If you can make your audience hear and see and feel your message, you are on your way to communicating. If all you can do is post a 10-point plan on a website, you are meeting your internal needs (look what we did!) but not those of the people prepared to support your good work - if only they knew what it was and why it meets their needs.

On occasion, I am invited into a client’s offices to meet with the men and women who write the copy that goes out in direct mail, websites, proposals, newsletters, and so on.  They are often young, deeply committed, and graduates of the MTV school of communication. I suspect they are surprised when I say that I recognize the importance of top-notch graphics and sound bites. Indeed, both are essential to good communication. 

But the sound bites - if you insist on the expression - have to be telling. They are made up of words, and you have to watch your language. If today’s readers, viewers, and listeners don’t have time for lengthy messages, that makes the few words that go into your materials all the more important. Waste a donor’s time once with words that don’t matter, and you may not get a second opportunity to make your point. 

Recently, a program officer at an urban think tank was quoted in a New York Times feature on the revitalization of cities on the East Coast. In two sentences, she explained that many older industrial cities in the U.S. are now trading on newly fashionable cultural and other assets to attract young singles and recently retired people. Her words expressed the central findings of a massive new study that had just been released by the think tank. And there she was, planting the message in a big story on one aspect of the urban renaissance.

As fundraisers and communicators we have innumerable new vehicles for delivering our messages. Each can be enormously useful in its way, as long as we are working hard to keep our messages clear, simple, and memorable. And when possible, tell a little story.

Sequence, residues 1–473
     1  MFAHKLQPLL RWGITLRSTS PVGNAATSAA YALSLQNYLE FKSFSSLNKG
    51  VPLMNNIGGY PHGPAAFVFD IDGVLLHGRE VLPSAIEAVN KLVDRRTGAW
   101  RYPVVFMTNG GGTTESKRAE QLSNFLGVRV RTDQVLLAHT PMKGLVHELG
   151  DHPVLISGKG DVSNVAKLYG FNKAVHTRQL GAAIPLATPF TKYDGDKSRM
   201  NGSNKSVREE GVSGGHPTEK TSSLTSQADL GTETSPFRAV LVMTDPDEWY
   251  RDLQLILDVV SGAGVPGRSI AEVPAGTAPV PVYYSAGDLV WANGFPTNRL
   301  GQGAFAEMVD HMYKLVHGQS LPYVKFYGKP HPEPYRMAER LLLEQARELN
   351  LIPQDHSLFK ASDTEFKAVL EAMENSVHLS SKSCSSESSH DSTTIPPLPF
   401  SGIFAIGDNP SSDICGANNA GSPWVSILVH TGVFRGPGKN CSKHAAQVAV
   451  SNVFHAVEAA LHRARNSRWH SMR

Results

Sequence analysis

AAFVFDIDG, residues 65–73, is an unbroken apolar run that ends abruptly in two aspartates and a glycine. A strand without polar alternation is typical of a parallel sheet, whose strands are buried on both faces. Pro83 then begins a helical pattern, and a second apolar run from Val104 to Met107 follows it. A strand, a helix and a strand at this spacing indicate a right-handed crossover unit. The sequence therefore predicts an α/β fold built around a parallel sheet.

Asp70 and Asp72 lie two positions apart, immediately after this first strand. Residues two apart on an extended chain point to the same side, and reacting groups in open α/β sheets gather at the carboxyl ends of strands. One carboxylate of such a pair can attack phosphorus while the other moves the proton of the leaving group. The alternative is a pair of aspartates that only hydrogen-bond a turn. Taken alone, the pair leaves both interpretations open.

People need and love stories. Many years ago, most Americans turned to the colorful features in their daily newspapers for them. Today, the stories most people talk about the next day are told on television. Even then, every word matters. Tony Soprano without David Chase’s dialogue is just another hood.

Last summer, the Chicago Tribune appointed a Pulitzer Prize-winning reporter as its new editor overseeing staff writing development. Louise Kierman is an exceptional writer who will mentor her colleagues in “compelling storytelling,” the paper said. The aim? To foster vivid writing that will “distinguish and differentiate” the Tribune.

Like that newspaper, we in the nonprofit community also want to stand out and communicate effectively. Let’s keep an eye on the very latest technologies - but, please, use them to communicate stories and information that make prospects say, “I want to be part of that.”  

Joseph Barbato is the author of How to Write Knockout Proposals and Attracting the Attention Your Cause Deserves, by Emerson & Church, Publishers. He is also president of Barbato Associates (www.barbatoassociates.com), a consulting firm in Alexandria, VA, that produces case statements, brochures, and other persuasive pieces for nonprofits. His more than 20 years of experience include stints in major capital campaigns at NYU and The Nature Conservancy. He can be reached at 703-379-5441